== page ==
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Re: HTML media type vs. # URIs that do not identify document elements

From: Dan Connolly <connolly@w3.org>
Date: Fri, 05 Feb 2010 17:30:04 -0600
To: noah_mendelsohn@us.ibm.com
Cc: Ben Adida <ben@adida.net>, Jonathan Rees <jar@creativecommons.org>, www-tag@w3.org
Message-ID: <1265412604.3812.772.camel@pav.lan>
On Fri, 2010-02-05 at 16:54 -0500, noah_mendelsohn@us.ibm.com wrote:
> Dan Connolly wrote:
> > You say that like it's a bad thing.
> > 
> > i.e. what's "wrong" about that?
> > [..]
> > Why would browsers do anything different
> > from what they do now?
> Perhaps I wasn't clear:  I have no problem at all with what the browsers 
> are doing.
> I believe Jonathan pointed out a use case in which the semantic Web 
> community was serving text/html documents, with fragids used for purposes 
> that were not in conformance with the applicable media type specification. 
>  You acknowledge that's the issue, where you say:
> > I wrote about this in a 2006 workshop paper...
> > 
> > [[
> > In order for this to work with documents published both in RDF/XML and
> > XHTML, the XHTML media type specifications may need to be ammended so
> > that authors can opt out of the section-of-the-document meaning of
> > fragment identifiers that they publish. For example, the profile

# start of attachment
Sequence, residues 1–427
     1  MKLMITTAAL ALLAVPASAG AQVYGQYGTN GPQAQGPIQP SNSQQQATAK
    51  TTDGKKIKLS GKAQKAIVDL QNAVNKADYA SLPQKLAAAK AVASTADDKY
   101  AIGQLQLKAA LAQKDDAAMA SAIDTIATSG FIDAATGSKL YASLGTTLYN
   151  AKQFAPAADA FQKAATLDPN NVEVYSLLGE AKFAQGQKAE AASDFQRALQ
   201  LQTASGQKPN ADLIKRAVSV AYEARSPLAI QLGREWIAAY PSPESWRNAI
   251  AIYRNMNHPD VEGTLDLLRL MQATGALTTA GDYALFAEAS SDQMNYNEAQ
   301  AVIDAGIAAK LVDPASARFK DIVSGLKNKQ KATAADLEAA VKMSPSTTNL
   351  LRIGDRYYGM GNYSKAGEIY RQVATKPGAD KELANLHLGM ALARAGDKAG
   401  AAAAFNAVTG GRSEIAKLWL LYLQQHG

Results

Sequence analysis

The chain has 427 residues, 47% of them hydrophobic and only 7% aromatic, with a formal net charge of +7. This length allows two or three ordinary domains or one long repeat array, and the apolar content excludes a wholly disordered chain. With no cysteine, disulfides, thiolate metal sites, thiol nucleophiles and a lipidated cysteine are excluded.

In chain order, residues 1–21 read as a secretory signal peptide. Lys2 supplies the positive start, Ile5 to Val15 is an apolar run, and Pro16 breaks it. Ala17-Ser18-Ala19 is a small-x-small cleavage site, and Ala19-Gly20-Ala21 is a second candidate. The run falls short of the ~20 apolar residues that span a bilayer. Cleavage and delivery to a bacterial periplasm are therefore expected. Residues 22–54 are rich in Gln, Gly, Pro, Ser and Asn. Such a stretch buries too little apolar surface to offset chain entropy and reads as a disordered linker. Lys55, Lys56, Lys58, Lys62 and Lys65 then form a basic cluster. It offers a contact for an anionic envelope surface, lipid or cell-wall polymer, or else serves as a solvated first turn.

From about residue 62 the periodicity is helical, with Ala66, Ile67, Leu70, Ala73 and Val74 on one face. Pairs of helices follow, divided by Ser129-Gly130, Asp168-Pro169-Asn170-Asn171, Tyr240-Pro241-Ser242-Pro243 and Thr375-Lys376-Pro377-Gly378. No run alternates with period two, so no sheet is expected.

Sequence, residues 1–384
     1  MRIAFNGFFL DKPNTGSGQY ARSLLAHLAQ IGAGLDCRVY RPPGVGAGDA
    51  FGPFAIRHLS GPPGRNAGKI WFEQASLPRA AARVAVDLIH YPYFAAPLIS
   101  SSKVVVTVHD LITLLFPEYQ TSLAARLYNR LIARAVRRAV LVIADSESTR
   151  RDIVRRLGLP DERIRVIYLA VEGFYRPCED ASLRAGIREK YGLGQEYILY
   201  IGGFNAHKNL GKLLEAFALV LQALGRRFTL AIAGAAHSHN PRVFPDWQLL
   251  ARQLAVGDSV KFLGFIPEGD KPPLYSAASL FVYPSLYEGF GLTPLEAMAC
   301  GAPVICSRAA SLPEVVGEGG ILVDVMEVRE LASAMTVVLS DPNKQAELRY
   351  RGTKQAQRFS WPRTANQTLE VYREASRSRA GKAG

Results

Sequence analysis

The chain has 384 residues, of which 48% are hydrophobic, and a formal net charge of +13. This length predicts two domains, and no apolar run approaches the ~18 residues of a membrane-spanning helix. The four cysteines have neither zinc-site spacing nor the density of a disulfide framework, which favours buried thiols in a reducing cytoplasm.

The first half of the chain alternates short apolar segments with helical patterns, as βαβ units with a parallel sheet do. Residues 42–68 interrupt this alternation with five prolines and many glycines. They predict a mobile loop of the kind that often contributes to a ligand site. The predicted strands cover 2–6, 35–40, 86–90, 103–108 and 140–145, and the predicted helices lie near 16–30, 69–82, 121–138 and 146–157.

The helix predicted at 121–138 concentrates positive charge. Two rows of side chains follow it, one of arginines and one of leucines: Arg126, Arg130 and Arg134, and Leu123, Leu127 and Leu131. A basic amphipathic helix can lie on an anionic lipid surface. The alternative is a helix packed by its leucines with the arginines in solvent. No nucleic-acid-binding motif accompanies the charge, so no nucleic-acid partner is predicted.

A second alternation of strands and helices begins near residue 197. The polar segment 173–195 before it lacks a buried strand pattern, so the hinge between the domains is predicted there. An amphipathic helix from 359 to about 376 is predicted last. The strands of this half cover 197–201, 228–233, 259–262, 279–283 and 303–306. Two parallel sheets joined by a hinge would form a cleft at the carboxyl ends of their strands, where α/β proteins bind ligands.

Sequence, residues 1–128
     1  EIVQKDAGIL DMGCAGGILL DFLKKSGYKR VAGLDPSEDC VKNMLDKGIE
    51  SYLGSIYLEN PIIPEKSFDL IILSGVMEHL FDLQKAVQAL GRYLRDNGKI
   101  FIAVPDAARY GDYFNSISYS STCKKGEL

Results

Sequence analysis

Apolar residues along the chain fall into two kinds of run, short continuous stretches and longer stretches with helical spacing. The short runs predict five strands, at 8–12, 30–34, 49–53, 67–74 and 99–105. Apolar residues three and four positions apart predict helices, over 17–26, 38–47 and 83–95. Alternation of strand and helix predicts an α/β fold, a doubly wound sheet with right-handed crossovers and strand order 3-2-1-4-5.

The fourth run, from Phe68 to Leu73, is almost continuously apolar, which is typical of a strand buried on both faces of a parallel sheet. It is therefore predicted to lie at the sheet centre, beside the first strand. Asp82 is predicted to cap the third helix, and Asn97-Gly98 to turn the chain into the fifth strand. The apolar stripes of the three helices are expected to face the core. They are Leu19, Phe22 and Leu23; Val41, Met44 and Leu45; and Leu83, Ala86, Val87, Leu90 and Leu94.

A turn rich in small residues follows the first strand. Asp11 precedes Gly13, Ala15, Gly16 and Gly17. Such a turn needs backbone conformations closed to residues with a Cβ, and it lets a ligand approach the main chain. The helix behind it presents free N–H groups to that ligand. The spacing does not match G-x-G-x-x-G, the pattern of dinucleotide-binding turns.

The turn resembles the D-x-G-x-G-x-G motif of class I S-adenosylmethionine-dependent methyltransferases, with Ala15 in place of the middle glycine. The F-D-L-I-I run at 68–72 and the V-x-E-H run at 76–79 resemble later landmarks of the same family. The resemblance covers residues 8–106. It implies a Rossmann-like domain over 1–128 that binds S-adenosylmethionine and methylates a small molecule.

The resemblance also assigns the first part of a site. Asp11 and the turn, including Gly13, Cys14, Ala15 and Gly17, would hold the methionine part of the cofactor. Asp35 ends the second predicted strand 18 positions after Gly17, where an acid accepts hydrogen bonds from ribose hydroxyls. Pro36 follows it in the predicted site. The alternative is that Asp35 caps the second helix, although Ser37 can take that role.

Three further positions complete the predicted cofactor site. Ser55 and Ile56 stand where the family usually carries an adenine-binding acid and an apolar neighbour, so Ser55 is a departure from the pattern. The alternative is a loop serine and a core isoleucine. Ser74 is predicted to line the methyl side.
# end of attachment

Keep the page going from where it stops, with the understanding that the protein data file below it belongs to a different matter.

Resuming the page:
> > attribute from section Meta data profiles of the HTML 4
> > specification[HTML4] seems like a reasonable opt-out signal.
> > ]]
> >  -- section Fragments as sections vs. people
> >   http://www.w3.org/2006/04/irw65/urisym#docdata
> Right, but there's at least some damage in the meantime, with content out 
> on the Web that's in violation of current applicable specifications.  I'm 
> not claiming the Web will crumble tomorrow over this, but I don't think 
> it's a good thing.  I used the browser example merely to point out the 
> kind of damage that might, at least in principle, be observed.

But what you call "damage" looks like stuff working as expected
and as designed, to me. I don't see the point at all.

> As to amending the media type specification: in principle I might be 
> concerned, precisely because people could have invested in code that 
> interpreted the failure to resolve as an error (at least in the same 
> spirit that 404 is an error).

What failure to resolve? Could you elaborate the case you have
in mind? In the case that Jonathan brought up, there's no
failure to resolve.

>   In practice, it's hard for me to imagine 
> that there would be significant trouble for anyone, and something like a 
> profile attribute seems like a reasonable way to signal the opt-out.
> Noah

Dan Connolly, W3C http://www.w3.org/People/Connolly/
gpg D3C2 887B 0F92 6005 C541  0875 0F91 96DE 6E52 C29E
Received on Friday, 5 February 2010 23:30:09 UTC

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